Tianjin Port’s Insured Loss Likely to Exceed USD 1.5Bn
The total insured loss at Tianjin port, following the two blasts that ripped through the port on August 12th, has been estimated at CNY 5 – 10b (USD 833m – 1.67b), by China’s Central University of Finance and Economics and USD 1.0 – 1.5b by Credit Suisse.
Tianjin, the port gateway to Beijing, is a major base for petrochemicals, and is the 10th-busiest container port globally (14m TEU in 2014).
The two huge explosions happened in a warehouse area in the port district in the Binhai New Area of Tianjin, and were equivalent to 3 tonnes of TNT and 21 tonnes of TNT respectively. Vast areas of the port were devastated in the blast that killed 116 people, according to Xinhua. The causes of the explosions are not yet known, but initial reports point to an industrial accident.
According to the Insurance Insider, the Tianjin port explosion could be the most expensive manmade loss since Deepwater Horizon in 2010.
The Insider suggests that if 10,000-12,000 vehicles were destroyed and a valuation of USD 30,000 was used per vehicle, a preliminary estimate of the ground-up vehicle loss would come to USD300m – 360m. Another major loss will be reported in relation to shipping containers, with estimated losses ranging between USD 120 m – 750 m.
Top three insurers in China PICC, Ping An and China Pacific are expected to suffer significant losses from the explosion, according to the University estimates.
“Given the complexity of the loss, which is expected to involve multiple risks across Marine and NonMarine lines, and the situation on the ground for the affected area, it will be some time before provisional loss advice will be released by many cedants,” reinsurance intermediary Aon Benfield said in a summary report.
On the other hand, Fitch Ratings believes that the insured losses from the explosions at Tianjin could exceed USD 1bn-1.5bn.
The high insurance penetration rate in this area could make the blasts one of the most costly catastrophe claims for the Chinese insurance sector in the last few years, Fitch said, adding that the number of reported insurance claims cases would surge further in the coming few weeks.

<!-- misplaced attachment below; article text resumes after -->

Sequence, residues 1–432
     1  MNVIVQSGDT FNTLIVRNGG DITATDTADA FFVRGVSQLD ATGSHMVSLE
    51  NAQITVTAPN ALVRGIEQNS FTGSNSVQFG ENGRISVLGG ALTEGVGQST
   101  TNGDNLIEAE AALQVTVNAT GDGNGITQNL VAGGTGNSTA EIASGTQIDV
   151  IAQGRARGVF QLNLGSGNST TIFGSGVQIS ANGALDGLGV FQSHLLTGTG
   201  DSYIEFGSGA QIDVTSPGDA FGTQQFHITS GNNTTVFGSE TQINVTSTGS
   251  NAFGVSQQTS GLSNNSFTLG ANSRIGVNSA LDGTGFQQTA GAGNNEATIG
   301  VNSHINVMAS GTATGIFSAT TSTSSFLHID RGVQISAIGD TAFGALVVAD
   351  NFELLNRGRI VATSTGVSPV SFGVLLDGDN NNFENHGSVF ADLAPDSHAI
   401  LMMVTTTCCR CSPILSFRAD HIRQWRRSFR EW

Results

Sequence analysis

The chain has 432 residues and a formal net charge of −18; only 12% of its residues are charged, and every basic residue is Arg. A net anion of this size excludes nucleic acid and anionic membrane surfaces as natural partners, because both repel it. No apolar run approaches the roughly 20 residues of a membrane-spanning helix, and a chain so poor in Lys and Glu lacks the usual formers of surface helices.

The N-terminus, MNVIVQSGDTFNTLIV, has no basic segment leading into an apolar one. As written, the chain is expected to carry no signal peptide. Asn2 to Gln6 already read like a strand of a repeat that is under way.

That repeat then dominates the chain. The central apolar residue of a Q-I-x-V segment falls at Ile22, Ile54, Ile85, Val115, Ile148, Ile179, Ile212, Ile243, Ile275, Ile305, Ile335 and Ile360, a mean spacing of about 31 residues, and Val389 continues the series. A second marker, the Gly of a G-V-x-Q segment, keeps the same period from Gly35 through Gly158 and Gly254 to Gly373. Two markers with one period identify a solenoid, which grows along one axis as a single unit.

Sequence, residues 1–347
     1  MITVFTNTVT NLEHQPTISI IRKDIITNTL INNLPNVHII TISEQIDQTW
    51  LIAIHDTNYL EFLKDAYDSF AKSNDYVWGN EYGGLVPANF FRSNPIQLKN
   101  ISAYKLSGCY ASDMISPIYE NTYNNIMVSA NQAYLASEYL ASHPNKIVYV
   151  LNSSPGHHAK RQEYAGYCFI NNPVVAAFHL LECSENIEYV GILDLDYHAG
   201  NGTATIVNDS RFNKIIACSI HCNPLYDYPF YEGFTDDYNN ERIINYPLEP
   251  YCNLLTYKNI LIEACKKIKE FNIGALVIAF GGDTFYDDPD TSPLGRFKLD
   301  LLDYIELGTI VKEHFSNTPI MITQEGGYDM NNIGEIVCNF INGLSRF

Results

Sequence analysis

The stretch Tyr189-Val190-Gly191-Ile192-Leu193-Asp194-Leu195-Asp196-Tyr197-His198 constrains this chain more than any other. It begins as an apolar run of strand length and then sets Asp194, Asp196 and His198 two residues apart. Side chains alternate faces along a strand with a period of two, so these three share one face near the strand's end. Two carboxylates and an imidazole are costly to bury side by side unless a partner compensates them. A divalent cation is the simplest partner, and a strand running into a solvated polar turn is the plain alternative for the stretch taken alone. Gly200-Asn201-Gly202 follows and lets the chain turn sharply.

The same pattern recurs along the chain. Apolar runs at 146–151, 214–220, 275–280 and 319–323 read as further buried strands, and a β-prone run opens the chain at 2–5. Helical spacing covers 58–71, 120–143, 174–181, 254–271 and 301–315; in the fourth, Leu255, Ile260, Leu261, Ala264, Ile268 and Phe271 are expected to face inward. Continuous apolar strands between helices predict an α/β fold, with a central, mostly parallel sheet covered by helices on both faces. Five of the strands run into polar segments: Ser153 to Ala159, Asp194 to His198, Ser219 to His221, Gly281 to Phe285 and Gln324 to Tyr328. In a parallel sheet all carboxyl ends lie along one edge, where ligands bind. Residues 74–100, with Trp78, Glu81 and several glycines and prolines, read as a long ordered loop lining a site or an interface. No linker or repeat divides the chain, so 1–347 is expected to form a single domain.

Fitch believes that claims from the blasts are likely to undermine the financial performance of some regional players and those property and casualty insurers with high risk accumulation in the affected areas. That said, it is too early to determine the exact impact that this incident will have on the credit strength of the Chinese insurance sector as a whole.
However, claims from the blasts could be shared with both local and international reinsurers, which could mitigate the direct impact on the Chinese insurance sector.
“While insurers could recover a portion of their property claims from their reinsurers, their exposure, the amount of retention and the number of reinstatements under the catastrophe reinsurance program are likely to determine the degree of severity to which they are affected. Fitch estimates that the overall risk cession ratios of major non-life players active in the Tianjin region range from 10% to 15%,” Fitch said.
Fitch added that the majority of claims will come from motor, cargo, liability and property insurance. However, medical and life insurance claims are also likely to be substantial.
Each injured person who is insured by the government plan can claim compensation of between CNY20,000 and CNY35,000, depending on the extent of injuries while compensation of CNY50,000 will be paid in the event of death.